Mail fraud is a broad category of crimes that includes any attempt (successful or otherwise) to commit some form of fraud, and includes the use of any mail system. You can be charged with mail fraud if the authorities believe you intentionally tried to defraud another party through the United States Postal Service, or other private mail carrier.
For example, some unethical persons may attempt to lure victims through the mail to participate in illegal schemes. Confidential information (as for insider trading) might be illegally revealed through the mail. Whatever the case may be, for the action to be considered mail fraud, it must concern something “material”: That is, it must concern material goods or money, and be significant. Mail fraud is a federal crime, and in the case of conviction, the consequences are frequently very serious.
Mail Fraud Penalties
The federal government takes mail fraud offenses seriously. Penalties may include:
- Prison time. Any mail fraud offense can carry up to 20 years in federal prison, but the sentence imposed may be even harsher under certain circumstances. For example, attempting to misappropriate federal funds allocated for disaster relief, or attempting to defraud a financial institution, can tack on ten years to the prison sentence.
- Probation. Short of incarceration, a judge can sentence a defendant to probation. For a specified period of time, the person convicted of mail fraud will be forced to accept certain curtails of his or her liberties. This may include regularly meeting with a probation officer, submitting to home searches, or restricting associations with certain persons.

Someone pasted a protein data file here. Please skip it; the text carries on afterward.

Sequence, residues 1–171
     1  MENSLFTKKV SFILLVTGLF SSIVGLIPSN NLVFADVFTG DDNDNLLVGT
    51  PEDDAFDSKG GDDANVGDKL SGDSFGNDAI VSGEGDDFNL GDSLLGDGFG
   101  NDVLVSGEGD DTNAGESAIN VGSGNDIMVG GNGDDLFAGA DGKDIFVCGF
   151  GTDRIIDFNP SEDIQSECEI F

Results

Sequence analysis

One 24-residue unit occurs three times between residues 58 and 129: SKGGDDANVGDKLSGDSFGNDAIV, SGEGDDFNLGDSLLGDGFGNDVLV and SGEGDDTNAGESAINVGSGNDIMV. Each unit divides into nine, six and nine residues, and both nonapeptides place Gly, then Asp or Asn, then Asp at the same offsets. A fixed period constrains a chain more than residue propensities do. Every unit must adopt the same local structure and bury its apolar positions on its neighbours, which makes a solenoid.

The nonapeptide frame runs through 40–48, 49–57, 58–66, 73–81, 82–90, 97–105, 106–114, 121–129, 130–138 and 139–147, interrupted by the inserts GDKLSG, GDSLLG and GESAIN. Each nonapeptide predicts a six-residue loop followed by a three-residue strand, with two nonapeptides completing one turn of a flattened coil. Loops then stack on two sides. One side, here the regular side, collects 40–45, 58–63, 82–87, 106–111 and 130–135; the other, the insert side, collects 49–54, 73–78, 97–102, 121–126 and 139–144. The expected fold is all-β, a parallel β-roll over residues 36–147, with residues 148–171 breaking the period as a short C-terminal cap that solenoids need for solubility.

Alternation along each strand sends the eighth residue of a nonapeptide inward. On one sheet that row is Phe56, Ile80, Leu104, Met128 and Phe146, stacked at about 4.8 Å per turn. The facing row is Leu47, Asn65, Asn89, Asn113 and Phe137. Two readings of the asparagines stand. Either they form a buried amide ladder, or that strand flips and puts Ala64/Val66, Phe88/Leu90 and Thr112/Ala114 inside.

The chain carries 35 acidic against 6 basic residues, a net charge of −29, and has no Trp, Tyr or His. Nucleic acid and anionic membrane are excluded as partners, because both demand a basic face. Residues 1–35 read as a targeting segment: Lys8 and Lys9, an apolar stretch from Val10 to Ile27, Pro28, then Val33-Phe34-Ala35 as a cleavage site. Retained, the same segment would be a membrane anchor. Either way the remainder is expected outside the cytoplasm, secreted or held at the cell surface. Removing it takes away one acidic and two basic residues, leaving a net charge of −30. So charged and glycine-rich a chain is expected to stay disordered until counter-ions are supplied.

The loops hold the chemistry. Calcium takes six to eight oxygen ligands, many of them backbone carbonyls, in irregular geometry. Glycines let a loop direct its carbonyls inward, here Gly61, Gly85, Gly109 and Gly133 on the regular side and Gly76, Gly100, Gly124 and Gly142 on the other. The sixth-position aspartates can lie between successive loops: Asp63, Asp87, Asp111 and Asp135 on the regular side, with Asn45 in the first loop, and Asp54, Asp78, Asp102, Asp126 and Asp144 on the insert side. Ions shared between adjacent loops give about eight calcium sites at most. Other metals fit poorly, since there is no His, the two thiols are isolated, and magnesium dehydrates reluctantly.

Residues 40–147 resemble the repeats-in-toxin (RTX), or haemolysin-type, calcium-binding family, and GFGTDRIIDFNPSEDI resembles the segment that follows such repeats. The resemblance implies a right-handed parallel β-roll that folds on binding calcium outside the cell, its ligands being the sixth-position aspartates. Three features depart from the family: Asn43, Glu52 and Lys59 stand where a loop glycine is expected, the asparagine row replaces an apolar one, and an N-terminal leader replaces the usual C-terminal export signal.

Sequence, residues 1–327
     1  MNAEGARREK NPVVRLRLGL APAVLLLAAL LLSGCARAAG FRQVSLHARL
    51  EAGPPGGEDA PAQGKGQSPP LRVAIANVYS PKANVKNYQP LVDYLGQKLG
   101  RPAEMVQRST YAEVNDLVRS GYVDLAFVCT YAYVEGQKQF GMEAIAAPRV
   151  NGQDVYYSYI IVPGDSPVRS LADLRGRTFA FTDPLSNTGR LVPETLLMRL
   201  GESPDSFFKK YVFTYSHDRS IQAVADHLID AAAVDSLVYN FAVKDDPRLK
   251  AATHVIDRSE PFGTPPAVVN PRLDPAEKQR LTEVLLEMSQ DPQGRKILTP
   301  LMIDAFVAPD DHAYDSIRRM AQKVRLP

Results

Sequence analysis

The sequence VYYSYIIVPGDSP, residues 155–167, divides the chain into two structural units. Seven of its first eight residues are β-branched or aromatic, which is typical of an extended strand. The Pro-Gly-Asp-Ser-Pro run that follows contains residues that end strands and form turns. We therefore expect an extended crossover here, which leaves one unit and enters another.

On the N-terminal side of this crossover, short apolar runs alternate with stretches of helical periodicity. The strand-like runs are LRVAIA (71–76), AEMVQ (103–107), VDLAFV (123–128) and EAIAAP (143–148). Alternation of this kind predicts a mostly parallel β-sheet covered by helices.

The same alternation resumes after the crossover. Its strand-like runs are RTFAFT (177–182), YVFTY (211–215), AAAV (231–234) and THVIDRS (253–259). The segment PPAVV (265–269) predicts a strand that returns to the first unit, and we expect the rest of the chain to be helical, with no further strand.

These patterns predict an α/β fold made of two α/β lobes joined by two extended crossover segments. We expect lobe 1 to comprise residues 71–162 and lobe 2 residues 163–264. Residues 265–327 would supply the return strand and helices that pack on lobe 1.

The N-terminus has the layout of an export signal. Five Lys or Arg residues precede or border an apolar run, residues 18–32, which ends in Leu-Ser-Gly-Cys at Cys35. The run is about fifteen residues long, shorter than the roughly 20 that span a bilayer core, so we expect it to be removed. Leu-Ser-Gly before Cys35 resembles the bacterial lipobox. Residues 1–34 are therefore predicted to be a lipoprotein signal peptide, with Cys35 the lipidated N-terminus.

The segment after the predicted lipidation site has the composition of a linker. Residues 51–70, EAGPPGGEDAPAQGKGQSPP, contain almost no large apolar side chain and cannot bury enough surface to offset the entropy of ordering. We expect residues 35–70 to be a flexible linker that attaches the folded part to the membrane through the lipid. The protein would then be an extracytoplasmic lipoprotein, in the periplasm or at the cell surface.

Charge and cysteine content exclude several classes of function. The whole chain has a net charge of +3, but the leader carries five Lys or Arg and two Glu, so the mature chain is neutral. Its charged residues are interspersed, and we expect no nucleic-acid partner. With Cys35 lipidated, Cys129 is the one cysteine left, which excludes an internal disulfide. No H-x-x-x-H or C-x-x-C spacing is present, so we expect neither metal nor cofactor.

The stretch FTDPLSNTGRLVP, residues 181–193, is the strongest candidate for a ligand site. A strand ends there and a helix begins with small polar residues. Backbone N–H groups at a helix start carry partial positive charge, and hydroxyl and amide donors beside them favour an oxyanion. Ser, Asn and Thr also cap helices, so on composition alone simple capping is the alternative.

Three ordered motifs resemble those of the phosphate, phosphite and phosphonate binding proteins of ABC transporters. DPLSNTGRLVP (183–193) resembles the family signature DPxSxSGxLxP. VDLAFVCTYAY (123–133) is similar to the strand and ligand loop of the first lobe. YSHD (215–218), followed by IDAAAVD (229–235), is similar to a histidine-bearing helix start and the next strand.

- Fines. Mail fraud fines are common, and very high. Even a single count of mail fraud can result in a fine of $250,000. As with incarceration, fines can be steeper depending on the type of fraud committed.
- If the mail fraud attempt was successful, the court will typically require the perpetrator to make restitution to the victims so they can recover what they lost in a fraudulent scheme. Restitution payments are separate from (and often in addition to) any fines, and may be incorporated into the probation plan.
In addition, a conviction remains on the perpetrator’s record and may have far reaching consequences, even after the prison sentence was served or the fines paid. Felons can be barred from certain types of employment, and could be restricted from travel.
What to Do if You Are Being Investigated for Mail Fraud
If you are being charged with mail fraud, exercise your right to remain silent, and immediately connect with a criminal defense lawyer. Do not speak with investigators, even if you believe you did nothing illegal and are completely innocent. Unfortunately, you put yourself at serious risk if you agree to an interview with federal investigators without counsel at your side. Choose an attorney who is experienced with mail fraud cases and has a proven track record in this area of the law.
If you believe you are being investigated for mail fraud, or have already been charged, contact the attorneys at the Law Offices of Omar Gastelum & Associates, PLC so we can review your case.